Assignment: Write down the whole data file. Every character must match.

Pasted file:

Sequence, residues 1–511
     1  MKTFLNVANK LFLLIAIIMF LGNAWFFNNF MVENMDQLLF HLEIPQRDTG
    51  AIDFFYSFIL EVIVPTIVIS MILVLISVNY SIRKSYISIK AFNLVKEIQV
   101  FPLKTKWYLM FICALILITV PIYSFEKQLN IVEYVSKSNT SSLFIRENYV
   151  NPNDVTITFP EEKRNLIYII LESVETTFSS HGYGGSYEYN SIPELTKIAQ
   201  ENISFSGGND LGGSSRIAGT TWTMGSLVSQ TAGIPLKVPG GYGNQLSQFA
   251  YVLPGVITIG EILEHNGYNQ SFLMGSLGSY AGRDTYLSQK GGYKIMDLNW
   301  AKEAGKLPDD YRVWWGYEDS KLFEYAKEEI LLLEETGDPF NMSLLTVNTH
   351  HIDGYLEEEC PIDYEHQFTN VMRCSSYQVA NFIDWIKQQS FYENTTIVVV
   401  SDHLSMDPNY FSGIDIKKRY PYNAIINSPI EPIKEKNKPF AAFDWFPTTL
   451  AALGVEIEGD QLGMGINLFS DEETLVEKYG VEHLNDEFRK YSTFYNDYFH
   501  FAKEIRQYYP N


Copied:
Sequence, residues 1–511
     1  MKTFLNVANK LFLLIAIIMF LGNAWFFNNF MVENMDQLLF HLEIPQRDTG
    51  AIDFFYSFIL EVIVPTIVIS MILVLISVNY SIRKSYISIK AFNLVKEIQV
   101  FPLKTKWYLM FICALILITV PIYSFEKQLN IVEYVSKSNT SSLFIRENYV
   151  NPNDVTITFP EEKRNLIYII LESVETTFSS HGYGGSYEYN SIPELTKIAQ
   201  ENISFSGGND LGGSSRIAGT TWTMGSLVSQ TAGIPLKVPG GYGNQLSQFA
   251  YVLPGVITIG EILEHNGYNQ SFLMGSLGSY AGRDTYLSQK GGYKIMDLNW
   301  AKEAGKLPDD YRVWWGYEDS KLFEYAKEEI LLLEETGDPF NMSLLTVNTH
   351  HIDGYLEEEC PIDYEHQFTN VMRCSSYQVA NFIDWIKQQS FYENTTIVVV
   401  SDHLSMDPNY FSGIDIKKRY PYNAIINSPI EPIKEKNKPF AAFDWFPTTL
   451  AALGVEIEGD QLGMGINLFS DEETLVEKYG VEHLNDEFRK YSTFYNDYFH
   501  FAKEIRQYYP N